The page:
Logo - SENDAT (Special Educational Needs and Disabilities Academies Trust)

SENDAT (Special Educational Needs and Disabilities Academies Trust)

SENDAT is a growing Multi-Academy Trust (MAT), currently comprising three schools which
provide special and alternative provision across primary and secondary education, and
supporting a range of needs from ages five to 19. The Trust’s expertise lies in moderate
learning difficulties, autistic spectrum disorder, communication and interaction, social
emotional and mental health, and behavioural needs.

Priory School, Stone Lodge Academy and Chalk Hill offer school-based learning
environments in Bury St Edmunds, Ipswich and Sudbury. Mount Road specialist Autism Unit
is based within Priory School with spaces for six young people from Year 5 to Year 7. The
Trust’s outreach service works with young people and families in mainstream schools and in
partnership with Suffolk County Council. For students aged 16-19 who find it difficult to
access Further Education they also run a post-16 provision, Angel Hill College, in the centre
of Bury St Edmunds. Those students based at Angel Hill College are on the roll of Priory

The Trust provides an education to 400 students overall and operates with a budget of £8
million. Overseeing this budget is Chief Finance and Operating Officer Sue Prickett, who
joined SENDAT in September 2019. “When I arrived I inherited a budget management
system that had been procured by the local authority, and the capabilities within this system
were limited in the context of the changes we needed to implement, as we had to request for
those changes to be made via a third-party,” she explained. “With two new schools joining
the MAT that November, I had to go back to the finance services provider to raise a budget
profile for these schools, rather than being able to do this myself. It was all very long-winded,
and from my perspective time-consuming and frustrating.”
Having reached out to a contact at nearby St Edmundsbury and Ipswich Diocesan Multi-
Academy Trust to discuss her predicament, Sue was recommended to IMP Planner. “I spoke
to Will Jordan (IMP Software Co-Founder), had a demo, and thought this is exactly what we
need,” she revealed. “There were multiple projects in the pipeline, and I needed to have faith
in what I was projecting and spend less time manually forecasting budgets, so we appointed
IMP in May 2020 and started using it in September. Whilst it has been an exceptional year,
we have already benefitted from the system. Will’s vision, the reflective practice and the
feedback we get, IMP Voice (IMP’s customer ideation platform) which gives us the ability to
see what is coming up in terms of product development and through which we have used to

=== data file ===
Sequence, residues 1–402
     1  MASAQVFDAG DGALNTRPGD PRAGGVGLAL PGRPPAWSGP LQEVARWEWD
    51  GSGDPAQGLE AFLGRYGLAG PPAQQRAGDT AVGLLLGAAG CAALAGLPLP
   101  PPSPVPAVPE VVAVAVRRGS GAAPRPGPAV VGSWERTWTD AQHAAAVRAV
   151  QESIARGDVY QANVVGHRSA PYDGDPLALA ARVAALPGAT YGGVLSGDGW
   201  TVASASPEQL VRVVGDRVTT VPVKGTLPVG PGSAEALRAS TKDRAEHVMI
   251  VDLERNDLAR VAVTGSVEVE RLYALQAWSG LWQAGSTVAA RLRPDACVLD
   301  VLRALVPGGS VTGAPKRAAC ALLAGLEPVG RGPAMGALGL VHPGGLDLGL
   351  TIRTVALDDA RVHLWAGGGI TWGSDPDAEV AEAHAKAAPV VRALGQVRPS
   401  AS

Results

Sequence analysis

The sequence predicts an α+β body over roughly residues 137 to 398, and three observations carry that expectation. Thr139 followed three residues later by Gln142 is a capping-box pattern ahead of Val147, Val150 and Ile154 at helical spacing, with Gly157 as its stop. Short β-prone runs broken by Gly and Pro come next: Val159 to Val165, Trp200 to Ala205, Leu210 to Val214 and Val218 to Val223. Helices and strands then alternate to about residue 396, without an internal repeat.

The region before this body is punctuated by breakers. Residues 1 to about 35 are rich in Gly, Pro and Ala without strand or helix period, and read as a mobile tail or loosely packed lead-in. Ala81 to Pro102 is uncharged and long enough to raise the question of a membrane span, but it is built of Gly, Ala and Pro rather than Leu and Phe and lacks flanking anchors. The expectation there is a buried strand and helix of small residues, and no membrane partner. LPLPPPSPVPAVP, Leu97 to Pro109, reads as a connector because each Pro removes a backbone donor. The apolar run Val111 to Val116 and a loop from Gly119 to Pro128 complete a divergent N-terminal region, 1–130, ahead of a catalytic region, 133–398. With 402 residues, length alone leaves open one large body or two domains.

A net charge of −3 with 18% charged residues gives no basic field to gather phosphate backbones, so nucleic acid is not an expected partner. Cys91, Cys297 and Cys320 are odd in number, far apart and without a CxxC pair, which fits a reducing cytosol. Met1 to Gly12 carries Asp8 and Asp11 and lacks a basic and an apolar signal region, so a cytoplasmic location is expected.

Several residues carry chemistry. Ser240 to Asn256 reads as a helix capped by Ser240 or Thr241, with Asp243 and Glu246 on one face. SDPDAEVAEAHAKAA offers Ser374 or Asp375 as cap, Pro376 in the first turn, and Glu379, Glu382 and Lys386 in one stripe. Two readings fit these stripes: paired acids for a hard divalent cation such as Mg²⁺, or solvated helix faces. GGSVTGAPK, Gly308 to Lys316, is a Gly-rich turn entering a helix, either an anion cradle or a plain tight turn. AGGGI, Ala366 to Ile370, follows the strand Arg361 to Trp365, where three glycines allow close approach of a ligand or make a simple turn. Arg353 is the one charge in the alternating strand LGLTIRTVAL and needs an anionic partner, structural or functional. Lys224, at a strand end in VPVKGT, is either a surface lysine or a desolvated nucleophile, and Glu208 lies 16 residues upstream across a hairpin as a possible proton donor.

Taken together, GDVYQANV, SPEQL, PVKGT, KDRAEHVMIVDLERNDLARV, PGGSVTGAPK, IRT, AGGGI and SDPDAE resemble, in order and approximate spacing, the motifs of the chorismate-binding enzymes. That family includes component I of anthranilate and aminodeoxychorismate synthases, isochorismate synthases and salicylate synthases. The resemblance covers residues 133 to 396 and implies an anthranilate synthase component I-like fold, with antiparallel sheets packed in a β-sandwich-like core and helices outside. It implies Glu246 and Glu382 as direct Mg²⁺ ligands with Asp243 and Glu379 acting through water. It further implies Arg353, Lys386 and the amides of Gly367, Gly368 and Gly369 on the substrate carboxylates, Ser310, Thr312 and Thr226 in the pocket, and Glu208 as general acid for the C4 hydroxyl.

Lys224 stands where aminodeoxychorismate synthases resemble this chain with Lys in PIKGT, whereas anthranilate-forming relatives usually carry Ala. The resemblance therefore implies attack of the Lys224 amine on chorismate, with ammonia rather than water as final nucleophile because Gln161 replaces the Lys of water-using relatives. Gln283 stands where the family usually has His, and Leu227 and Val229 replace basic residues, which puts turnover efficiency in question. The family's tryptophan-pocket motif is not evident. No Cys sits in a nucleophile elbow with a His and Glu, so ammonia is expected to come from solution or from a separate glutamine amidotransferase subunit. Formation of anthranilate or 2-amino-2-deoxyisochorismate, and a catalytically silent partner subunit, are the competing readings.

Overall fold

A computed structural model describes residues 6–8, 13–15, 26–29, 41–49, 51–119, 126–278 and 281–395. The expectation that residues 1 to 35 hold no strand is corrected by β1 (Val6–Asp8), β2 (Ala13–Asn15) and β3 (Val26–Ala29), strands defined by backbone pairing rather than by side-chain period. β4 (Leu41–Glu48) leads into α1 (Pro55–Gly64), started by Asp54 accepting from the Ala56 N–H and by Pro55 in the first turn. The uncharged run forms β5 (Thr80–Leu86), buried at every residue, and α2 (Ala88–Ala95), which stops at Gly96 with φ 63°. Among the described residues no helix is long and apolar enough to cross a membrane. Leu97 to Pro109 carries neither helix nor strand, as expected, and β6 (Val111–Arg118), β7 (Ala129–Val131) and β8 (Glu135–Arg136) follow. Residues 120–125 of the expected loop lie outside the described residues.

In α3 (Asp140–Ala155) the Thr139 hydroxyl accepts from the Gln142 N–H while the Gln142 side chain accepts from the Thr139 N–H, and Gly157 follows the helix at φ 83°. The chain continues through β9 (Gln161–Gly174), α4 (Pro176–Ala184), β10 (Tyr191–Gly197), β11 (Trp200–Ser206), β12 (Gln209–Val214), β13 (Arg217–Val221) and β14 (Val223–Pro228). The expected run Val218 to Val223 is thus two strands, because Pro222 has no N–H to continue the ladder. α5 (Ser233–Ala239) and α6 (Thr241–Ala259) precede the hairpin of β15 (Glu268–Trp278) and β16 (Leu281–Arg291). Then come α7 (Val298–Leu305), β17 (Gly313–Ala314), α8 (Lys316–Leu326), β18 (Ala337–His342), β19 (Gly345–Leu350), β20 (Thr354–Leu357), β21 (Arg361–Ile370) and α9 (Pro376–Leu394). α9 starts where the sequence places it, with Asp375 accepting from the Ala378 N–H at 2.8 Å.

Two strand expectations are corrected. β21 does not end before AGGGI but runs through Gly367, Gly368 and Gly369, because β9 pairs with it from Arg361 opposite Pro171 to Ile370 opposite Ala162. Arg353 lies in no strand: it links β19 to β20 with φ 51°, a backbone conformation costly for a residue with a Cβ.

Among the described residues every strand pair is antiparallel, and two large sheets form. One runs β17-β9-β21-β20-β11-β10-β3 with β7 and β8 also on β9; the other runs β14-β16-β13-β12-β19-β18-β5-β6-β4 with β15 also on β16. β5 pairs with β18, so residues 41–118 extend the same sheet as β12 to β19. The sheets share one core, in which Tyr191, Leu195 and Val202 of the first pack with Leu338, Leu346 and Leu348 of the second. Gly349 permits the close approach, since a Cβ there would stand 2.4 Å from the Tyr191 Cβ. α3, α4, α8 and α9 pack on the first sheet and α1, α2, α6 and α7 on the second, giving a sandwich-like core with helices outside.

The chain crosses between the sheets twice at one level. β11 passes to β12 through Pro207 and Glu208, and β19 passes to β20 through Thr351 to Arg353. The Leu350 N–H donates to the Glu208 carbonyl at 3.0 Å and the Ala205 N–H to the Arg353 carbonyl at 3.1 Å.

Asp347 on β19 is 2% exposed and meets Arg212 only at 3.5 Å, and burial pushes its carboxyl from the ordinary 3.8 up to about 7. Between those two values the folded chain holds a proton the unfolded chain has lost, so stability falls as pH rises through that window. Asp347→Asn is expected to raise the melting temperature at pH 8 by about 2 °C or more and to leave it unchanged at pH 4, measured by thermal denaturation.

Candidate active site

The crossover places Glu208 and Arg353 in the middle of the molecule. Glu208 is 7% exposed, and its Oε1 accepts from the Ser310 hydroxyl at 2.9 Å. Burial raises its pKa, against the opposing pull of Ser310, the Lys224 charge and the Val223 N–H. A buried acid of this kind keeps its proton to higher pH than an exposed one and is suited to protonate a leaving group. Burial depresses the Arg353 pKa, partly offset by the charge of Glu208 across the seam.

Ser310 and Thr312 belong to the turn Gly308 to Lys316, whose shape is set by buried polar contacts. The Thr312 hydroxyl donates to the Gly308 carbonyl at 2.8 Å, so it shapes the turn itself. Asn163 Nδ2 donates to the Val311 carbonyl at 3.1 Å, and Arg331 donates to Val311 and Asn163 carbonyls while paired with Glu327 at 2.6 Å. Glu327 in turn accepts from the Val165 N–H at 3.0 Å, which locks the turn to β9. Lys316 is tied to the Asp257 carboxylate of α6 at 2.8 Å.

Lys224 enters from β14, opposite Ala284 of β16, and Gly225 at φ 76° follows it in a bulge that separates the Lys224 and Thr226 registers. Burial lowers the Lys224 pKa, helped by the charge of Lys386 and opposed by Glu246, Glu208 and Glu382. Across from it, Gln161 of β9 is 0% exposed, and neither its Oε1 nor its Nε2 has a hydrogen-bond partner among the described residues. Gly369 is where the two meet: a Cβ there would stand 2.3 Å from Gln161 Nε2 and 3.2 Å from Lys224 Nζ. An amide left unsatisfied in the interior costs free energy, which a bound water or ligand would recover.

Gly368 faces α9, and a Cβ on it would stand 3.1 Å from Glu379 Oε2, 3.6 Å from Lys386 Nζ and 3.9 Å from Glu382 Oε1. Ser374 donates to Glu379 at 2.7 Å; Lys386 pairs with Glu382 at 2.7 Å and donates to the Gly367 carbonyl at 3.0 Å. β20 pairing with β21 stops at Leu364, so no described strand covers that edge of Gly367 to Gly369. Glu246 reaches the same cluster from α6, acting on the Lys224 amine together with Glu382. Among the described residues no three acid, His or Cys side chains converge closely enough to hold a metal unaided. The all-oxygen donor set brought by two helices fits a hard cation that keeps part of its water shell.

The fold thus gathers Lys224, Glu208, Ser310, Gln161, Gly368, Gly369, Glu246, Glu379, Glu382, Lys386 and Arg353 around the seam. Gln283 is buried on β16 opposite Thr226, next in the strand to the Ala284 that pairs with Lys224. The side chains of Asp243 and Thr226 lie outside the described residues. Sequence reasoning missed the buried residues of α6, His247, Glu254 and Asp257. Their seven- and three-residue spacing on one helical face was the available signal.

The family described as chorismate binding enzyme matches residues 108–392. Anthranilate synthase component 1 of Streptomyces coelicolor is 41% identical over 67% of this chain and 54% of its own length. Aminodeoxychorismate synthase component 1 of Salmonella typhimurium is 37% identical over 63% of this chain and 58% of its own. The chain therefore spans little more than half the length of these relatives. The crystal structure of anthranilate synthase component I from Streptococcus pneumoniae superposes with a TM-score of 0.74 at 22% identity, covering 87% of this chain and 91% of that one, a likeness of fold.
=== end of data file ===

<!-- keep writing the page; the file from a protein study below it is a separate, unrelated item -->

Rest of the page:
ask for more work to be done on staffing contracts, it has been a breath of fresh air.”

Having also moved towards centralised roles in finance, and expanded her team with
another role in December 2020, Sue said IMP Planner had impacted on many day-to-day
operations. “IMP has provided time-savings, consistency in financial reporting, confidence in
the numbers in our system, and the interface between the actuals: we put in assumptions for
next year, and can see what happens if we change the pay scales but freeze scenarios; both
best and worst-cases, and ‘what ifs?’,” she said. “It sounds simple, but just having to input
rates for pupil premium and teachers’ pay and pensions only once means that I will not make
a mistake on school three, as might have been the case if I was manually inputting on
spreadsheets. We can also now tie in cost centres to budget lines. For example, I see an
invoice come in for authorisation, and we can put that straight under pupil premium. Real
reporting used to be a challenge, but with IMP I can do that within the different levels
required. I can bring a condensed summary, which is generally wanted by the Board, but
also expand that using the same document, when we need for our Finance and Audit
Committee requiring that detail.”

Sue explained the difference in financial management in special and alternative provision,
and how IMP Planner supports this setting: “In SEND provision you receive £10,000 per
place and high needs funding is allocated to each child on top of that, which varies
depending on their needs through banded funding: for some students, high needs funding
can be as high as £60,000 per young person per year, which needs to fund interventions,
therapies and any enhanced staffing requirements. General Annual Grant is the restricted
place funding, so the variability comes through high needs funding, which is going to go up
and down depending on the need of students. It is therefore important that I can go to the
Board with an informed argument on staffing requirements and what our budgets should be.
The graphs in IMP’s reporting suite can also help visually demonstrate to the Board where
we have made different assumptions in a reporting year and why we have moved away from
the original forecast.”

She added: “I would absolutely recommend IMP Software. The support is great, and it is
going to be brilliant when we use all the functionality. We are just about to go into second
year of our contract, and I cannot see why we would not be as happy in years two and three.
We have a big year coming up with two cognition and learning units being delivered with
mainstream schools from September 2021, and we will need IMP Planner to pull out the
information on those two units and report independently. We also have a new school
opening in January 2022, which we will need to switch to its own independent school code.

For all these projects I have to be able to integrate all salaries and throw out one MAT
management report: and that, again, is where IMP Planner comes in.”

How many schools are in your MAT?

Less than 9 schools

Our MAT has less than 9 schools

Book a demo
More than 9 schools

Our MAT has 9+ schools

Book a demo